Anyway, for some reason, I was having dinner with him. He was in a tux and seated to my left. The entire dream was first person, meaning I was seeing things through my own eyes. Ironically enough, my mother was sitting across from Bogart and I, and for some reason, I was standing the entire time. The room we were in was a banquet hall, and while you could hear glasses clanging, the only light in the room was shining on our table, kind of like we were the spotlight of the dream. That’s how it works, right? If you can’t be a star in the movies, at least you can get the spotlight in your own dream.

I was witty. I had all these clever one-liners, and I was stealing the show. Bogart, to his credit, allowed me that spotlight, as someone of his stature would. Why does he need to be the star of the show when he is the brightest star in that cosmos? So, I went on countering the conversation with my witty one-liners and Bogart continued to laugh, a diamond pinky ring on his right hand, and a drink in his left. My guess was some sort of scotch, the ice peeking over the top of the maple colored liquid. The entire scene was surreal, as it should be seeing as I was dreaming.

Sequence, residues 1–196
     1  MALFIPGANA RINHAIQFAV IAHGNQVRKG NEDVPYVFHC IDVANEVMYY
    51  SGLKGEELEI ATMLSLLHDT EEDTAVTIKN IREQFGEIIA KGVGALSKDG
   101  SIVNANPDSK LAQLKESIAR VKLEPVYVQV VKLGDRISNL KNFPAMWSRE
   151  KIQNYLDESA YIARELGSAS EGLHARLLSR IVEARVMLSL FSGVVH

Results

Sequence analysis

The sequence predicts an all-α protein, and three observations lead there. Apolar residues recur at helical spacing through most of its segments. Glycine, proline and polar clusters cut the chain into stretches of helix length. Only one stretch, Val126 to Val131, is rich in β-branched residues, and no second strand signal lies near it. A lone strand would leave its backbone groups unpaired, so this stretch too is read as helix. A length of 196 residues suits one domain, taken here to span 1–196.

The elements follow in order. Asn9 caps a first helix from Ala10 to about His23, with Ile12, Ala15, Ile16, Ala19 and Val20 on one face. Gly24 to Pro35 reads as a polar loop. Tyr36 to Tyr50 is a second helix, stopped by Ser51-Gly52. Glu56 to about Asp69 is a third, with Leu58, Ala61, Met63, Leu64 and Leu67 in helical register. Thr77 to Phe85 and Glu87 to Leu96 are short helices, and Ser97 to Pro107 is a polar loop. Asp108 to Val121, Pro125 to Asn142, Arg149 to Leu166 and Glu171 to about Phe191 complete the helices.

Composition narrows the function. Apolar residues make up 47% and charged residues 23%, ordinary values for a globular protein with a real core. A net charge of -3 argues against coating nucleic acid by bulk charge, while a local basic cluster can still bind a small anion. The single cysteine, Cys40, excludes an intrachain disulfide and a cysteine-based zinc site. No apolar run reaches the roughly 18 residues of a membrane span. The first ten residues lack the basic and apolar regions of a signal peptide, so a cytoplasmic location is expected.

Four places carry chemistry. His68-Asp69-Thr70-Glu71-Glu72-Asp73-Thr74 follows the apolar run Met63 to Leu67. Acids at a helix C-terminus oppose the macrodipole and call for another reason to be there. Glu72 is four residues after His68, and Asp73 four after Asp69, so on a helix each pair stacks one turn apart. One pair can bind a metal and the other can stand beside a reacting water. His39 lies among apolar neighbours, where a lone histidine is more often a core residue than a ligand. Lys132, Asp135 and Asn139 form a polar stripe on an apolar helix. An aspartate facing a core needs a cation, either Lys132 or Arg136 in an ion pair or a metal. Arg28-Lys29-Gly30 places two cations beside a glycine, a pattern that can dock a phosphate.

Then, I looked across the table at my mother. She was not amused. She was dress to the nines, and her hair was piled high. She had a dark sequined dress and really looked great, but she also had that look that only a mother can give when she is unhappy with her son’s behavior. My father was next to her, but he was hidden in the shadow of the spotlight, so I couldn’t see how he was reacting.

She said, “Do you think that all of this is funny?” Again, a look that could cut ice.

“As a matter of fact I do,” I responded. Bogart thought that comeback was funny too. In fact, I had Bogart in stitches the entire dream. I’ve never been that funny, but on this night, in this dream, Bogart was having the time of his life.

My mother shot me another look. “I think you’re getting out of hand,” she said, “and I don’t think any of this is funny. Mr. Bogart isn’t here to laugh at your jokes.”